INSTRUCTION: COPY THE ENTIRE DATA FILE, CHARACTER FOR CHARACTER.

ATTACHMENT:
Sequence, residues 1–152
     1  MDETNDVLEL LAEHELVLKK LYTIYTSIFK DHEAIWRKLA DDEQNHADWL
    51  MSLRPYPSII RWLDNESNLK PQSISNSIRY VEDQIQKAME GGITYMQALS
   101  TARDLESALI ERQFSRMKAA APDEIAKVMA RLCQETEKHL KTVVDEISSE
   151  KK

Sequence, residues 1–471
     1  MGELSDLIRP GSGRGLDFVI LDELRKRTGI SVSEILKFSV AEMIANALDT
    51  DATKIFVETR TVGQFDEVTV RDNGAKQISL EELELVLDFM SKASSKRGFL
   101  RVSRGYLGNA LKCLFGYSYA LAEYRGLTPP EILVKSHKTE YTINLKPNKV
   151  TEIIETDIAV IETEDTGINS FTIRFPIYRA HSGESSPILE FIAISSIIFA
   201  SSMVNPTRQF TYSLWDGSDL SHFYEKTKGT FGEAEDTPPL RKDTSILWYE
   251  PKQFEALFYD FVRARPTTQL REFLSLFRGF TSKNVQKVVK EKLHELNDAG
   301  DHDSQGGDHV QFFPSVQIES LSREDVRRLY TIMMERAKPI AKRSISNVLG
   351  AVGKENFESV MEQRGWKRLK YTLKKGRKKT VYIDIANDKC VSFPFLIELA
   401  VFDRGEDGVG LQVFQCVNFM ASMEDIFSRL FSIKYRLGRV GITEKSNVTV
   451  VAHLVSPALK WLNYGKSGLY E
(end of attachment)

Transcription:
Sequence, residues 1–152
     1  MDETNDVLEL LAEHELVLKK LYTIYTSIFK DHEAIWRKLA DDEQNHADWL
    51  MSLRPYPSII RWLDNESNLK PQSISNSIRY VEDQIQKAME GGITYMQALS
   101  TARDLESALI ERQFSRMKAA APDEIAKVMA RLCQETEKHL KTVVDEISSE
   151  KK

Sequence, residues 1–471
     1  MGELSDLIRP GSGRGLDFVI LDELRKRTGI SVSEILKFSV AEMIANALDT
    51  DATKIFVETR TVGQFDEVTV RDNGAKQISL EELELVLDFM SKASSKRGFL
   101  RVSRGYLGNA LKCLFGYSYA LAEYRGLTPP EILVKSHKTE YTINLKPNKV
   151  TEIIETDIAV IETEDTGINS FTIRFPIYRA HSGESSPILE FIAISSIIFA
   201  SSMVNPTRQF TYSLWDGSDL SHFYEKTKGT FGEAEDTPPL RKDTSILWYE
   251  PKQFEALFYD FVRARPTTQL REFLSLFRGF TSKNVQKVVK EKLHELNDAG
   301  DHDSQGGDHV QFFPSVQIES LSREDVRRLY TIMMERAKPI AKRSISNVLG
   351  AVGKENFESV MEQRGWKRLK YTLKKGRKKT VYIDIANDKC VSFPFLIELA
   401  VFDRGEDGVG LQVFQCVNFM ASMEDIFSRL FSIKYRLGRV GITEKSNVTV
   451  VAHLVSPALK WLNYGKSGLY E